The Commercial Paper Funding Facility (CPFF): on October 7, 2008 the Federal Reserve further expanded the collateral it will loan against, to include commercial paper. The action made the Fed a crucial source of credit for non-financial businesses in addition to commercial banks and investment firms. Fed officials said they'll buy as much of the debt as necessary to get the market functioning again. They refused to say how much that might be, but they noted that around $1.3 trillion worth of commercial paper would qualify. There was $1.61 trillion in outstanding commercial paper, seasonally adjusted, on the market as of October 1, 2008, according to the most recent data from the Fed. That was down from $1.70 trillion in the previous week. Since the summer of 2007, the market has shrunk from more than $2.2 trillion 1. This program lent out a total $738 billion before it was closed. Forty-five out of 81 of the companies participating in this program were foreign firms. Research shows that Troubled Asset Relief Program (TARP) recipients were twice as likely to participate in the program than other commercial paper issuers who did not take advantage of the TARP bailout. The Fed incurred no losses from the CPFF 2.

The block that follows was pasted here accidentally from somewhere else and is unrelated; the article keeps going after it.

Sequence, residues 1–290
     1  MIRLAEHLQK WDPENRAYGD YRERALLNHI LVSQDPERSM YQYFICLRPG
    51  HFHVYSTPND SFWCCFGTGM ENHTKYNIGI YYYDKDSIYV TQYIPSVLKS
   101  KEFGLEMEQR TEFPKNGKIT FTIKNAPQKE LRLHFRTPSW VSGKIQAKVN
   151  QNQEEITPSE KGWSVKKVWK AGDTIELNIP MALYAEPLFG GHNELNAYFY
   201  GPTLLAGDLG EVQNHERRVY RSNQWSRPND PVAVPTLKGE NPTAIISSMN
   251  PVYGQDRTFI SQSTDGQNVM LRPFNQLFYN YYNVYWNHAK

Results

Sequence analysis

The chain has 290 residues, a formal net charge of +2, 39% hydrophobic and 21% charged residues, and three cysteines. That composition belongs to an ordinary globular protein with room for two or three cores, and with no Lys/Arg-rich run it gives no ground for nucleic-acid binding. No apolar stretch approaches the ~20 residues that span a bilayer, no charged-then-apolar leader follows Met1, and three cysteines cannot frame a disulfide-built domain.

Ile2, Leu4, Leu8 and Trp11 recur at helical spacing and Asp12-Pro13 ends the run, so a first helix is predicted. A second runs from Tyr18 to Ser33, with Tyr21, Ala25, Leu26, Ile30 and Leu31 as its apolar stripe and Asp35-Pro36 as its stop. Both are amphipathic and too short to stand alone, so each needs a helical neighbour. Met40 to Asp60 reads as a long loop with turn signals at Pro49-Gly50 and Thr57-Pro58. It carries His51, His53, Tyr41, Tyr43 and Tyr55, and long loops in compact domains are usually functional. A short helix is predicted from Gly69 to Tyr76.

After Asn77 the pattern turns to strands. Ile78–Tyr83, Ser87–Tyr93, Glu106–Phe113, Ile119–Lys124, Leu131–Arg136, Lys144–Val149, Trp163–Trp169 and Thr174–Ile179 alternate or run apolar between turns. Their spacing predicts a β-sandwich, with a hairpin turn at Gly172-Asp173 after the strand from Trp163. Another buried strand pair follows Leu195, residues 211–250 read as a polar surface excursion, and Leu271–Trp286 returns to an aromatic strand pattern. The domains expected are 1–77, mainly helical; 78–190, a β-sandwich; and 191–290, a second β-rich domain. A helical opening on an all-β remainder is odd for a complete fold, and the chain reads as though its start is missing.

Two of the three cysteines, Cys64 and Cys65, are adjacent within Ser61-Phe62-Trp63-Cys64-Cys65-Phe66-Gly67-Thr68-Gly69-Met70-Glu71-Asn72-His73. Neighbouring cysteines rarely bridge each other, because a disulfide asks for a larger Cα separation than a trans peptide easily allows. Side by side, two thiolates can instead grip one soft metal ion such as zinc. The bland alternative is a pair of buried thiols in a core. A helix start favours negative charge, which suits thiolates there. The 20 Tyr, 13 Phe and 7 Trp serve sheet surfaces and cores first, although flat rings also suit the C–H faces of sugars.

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Commercial Paper Funding Facility
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